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Media Relations Can Work for Your Client in Complex Litigation

Media Relations Can Work for Your Client in Complex Litigation

The widespread use of internet news, videos, blogs and social media to disseminate information about mass tort and other complex litigation has made it easier for parties when they want publicity and harder to avoid it when they don’t.

Embracing the media, new or traditional, may not be for every litigator or every case, but some experts suggest it often is useful.

How can talking to the media outside the courtroom benefit your client?

William Ohlemeyer of Boies, Schiller & Flexner in New York, tells defense clients that employees, shareholders, vendors, consultants and consumers need to hear their version of events; they need to know the company has a viable defense.

“Don’t let other parties define your client,” he said.

To do it right, Ohlemeyer said clients need to get comfortable with the media process. Unearthing potential land mines, finding something positive to say and understanding the differences between off-the-record, background and for-attribution conversations with journalists are keys to dealing with the media.

Before joining Boies, Schiller & Flexner, Ohlemeyer was associate general counsel for Altria Group, Inc. where, among other things, he managed the company’s tobacco litigation and worked closely with investors and the media.

He suggested that lawyers be the company’s face to the media. Lawyers recognize strategies and can protect privileged information. Clients must be careful not to say something that will harm present or future litigation, he said.

Can reporters see your client’s side of the story?

One of the best means for controlling the company image that is portrayed is to build relationships with reporters, Ohlemeyer said. Provide reporters with press packets and interviews that include background on the company, where it is located, what it makes, who regulates it and what science is likely to be discussed at trial.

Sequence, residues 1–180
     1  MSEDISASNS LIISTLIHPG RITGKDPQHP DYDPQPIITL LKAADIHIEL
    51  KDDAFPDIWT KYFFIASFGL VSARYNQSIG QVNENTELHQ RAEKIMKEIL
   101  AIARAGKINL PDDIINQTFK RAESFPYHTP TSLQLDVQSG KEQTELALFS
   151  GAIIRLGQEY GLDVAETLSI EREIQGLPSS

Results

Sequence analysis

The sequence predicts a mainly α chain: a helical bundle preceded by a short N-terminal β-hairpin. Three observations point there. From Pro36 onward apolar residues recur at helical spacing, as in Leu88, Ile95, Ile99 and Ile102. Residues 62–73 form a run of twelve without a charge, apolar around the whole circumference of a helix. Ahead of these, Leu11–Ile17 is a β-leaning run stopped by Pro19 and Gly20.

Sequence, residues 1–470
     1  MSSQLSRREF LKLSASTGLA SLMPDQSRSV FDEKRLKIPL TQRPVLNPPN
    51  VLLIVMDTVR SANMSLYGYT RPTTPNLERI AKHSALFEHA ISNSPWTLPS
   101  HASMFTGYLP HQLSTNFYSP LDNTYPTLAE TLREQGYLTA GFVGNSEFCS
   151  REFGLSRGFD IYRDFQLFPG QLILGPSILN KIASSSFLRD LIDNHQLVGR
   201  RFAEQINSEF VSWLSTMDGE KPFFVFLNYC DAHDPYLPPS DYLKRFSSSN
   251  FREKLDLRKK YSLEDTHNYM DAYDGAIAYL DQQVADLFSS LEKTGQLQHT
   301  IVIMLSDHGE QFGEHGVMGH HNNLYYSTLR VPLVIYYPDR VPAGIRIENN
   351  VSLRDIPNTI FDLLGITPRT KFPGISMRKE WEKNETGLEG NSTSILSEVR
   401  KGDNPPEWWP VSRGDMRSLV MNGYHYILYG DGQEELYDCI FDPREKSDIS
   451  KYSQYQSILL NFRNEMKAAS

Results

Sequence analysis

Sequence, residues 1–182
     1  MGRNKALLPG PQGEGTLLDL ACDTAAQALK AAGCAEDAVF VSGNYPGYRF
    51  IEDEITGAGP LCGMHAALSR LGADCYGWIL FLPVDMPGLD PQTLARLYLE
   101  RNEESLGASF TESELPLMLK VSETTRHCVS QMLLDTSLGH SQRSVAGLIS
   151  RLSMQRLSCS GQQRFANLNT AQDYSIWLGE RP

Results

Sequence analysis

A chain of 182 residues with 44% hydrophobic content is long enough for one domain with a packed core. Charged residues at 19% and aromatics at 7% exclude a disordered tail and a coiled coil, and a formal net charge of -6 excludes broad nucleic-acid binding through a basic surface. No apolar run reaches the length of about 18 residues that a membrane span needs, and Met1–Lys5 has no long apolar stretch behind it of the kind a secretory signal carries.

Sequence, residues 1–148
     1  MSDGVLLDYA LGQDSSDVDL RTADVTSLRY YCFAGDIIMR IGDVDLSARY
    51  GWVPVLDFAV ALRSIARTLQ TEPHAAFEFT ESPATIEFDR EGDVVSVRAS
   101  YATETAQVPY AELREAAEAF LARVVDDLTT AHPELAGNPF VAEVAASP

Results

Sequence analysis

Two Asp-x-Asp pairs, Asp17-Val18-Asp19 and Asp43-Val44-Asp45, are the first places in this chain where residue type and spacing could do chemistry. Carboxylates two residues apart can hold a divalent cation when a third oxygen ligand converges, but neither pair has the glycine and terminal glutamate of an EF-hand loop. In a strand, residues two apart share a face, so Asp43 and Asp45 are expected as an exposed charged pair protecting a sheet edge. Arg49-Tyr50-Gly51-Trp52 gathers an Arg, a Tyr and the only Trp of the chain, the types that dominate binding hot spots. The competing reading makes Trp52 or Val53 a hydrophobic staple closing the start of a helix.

In one case, Ohlemeyer said the client created a website with depositions and pleadings available to the public, gave regular news briefings as the litigation progressed and made video news releases. The company gave a group of trusted reporters a preview of its opening arguments so that, when they saw the plaintiffs’ opening, the reporters could put it into perspective and present a more balanced story.

Finally, he said to make sure reporters understand the legal process, all the way through the appeal, particularly if it is their first large-scale trial. “So, the headline that gets connected to the verdict isn’t the end of the story,” Ohlemeyer said.

Ethically, how far can you go in presenting your client’s point of view?

Gregory Spizer of Anapol Schwartz in Philadelphia explained that Model Rule of Professional Conduct 3.6 limits extra-judicial speech. It permits a lawyer to make a statement that a reasonable lawyer would believe is necessary to protect a client from the substantial undue prejudicial effect of publicity not initiated by the lawyer or the client. So, when something is said publicly that negatively impacts a client, Spizer said a lawyer has an ethical obligation to mitigate, but there is a fine line between mitigation and violating Rule 3.6.

New York Supreme Court Judge Martin Shulman agreed. “Lawyers should have the right to speak in public on both sides of the aisle on the case, but it’s critical that it has to be factually accurate, it’s critical that they don’t reveal client confidences – maintain their respective relationships – and it’s critical that they don’t taint the judicial process.”

Ohlemeyer, Spizer and Hon. Shulman shared their insights during the Mass Torts Judicial Forum with Hon. Marina Corodemus (ret.) held in Philadelphia on June 27, 2011.